In 2011, the owners of a home designed by EPFL trained Swiss architect Vincent Mangeat, decided to make some alterations. The modernist masterpiece has a large open terrace at the front, and the owners decided to close the opening to keep out the weather and reduce noise from the nearby road. The proposed change drawn up by another architect involved replacing a roll-down screen with folding glass door panels.
The house was featured in a number of specialist magazines and Vincent Mangeat opposed the alteration on the grounds that he designed it and was entitled to protect his work of art. The commune of Givrins ignored his request, so he took his case to Vaud’s cantonal court. In May 2015, the cantonal court agreed with the architect and prevented the planned works. The decision stated that the house had been custom designed, was the result of intellectual effort, possessed a unique character and should not be altered. The verdict also explained how the building expressed the architect’s originality and lent to his reputation.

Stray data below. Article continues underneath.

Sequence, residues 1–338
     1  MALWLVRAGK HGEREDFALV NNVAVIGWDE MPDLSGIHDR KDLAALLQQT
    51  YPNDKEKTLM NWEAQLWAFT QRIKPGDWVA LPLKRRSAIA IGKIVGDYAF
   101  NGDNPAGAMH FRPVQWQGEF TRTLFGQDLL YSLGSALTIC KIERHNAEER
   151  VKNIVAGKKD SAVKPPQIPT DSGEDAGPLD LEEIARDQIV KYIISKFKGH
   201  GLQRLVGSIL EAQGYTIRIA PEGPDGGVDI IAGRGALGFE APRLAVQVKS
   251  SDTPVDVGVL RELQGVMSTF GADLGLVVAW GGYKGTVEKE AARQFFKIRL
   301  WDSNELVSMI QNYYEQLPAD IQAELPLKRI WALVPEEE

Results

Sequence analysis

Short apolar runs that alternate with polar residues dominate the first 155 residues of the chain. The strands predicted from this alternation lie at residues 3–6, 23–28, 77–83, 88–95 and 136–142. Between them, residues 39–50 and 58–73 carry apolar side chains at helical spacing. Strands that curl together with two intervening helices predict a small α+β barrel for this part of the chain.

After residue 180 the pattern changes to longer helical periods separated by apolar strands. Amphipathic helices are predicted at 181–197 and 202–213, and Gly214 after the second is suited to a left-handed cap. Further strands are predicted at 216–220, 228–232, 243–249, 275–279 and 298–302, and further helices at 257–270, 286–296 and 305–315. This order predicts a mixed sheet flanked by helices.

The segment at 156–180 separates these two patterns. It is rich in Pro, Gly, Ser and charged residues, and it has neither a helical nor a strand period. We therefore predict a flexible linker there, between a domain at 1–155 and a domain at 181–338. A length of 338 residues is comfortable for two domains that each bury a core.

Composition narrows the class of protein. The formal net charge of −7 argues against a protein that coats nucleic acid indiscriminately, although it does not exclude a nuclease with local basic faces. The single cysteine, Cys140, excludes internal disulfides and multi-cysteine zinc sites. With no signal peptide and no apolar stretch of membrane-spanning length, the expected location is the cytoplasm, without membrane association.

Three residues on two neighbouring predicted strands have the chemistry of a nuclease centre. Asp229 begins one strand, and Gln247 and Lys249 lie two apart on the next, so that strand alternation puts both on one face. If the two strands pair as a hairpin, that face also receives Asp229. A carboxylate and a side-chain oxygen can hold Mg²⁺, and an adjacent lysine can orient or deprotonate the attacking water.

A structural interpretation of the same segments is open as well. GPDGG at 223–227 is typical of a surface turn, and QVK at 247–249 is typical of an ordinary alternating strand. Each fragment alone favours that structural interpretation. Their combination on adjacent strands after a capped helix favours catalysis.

The owner was not prepared to accept this verdict and took the case to the federal tribunal in Bern. While the federal tribunal agreed that the house should be a protected work, the practical functioning of the building was deemed paramount and granted the proposed alterations a green light. The owner said he had “requested a house for his family, not a work of art”.
Disappointed the 75 year old architect said “It makes sense that a building evolve with the needs of its owner, as long as the alterations are done well, can be distinguished from the original design and can be removed” adding that the decision meant that “some of the care we owe to architecture has been lost.”
After all these legal proceedings, the house is now for sale. The 9 room property with swimming pool, is currently advertised on homegate.ch (with photos) at a price of CHF 2,950,000. The listing makes no mention of any alteration plans, past, present or future.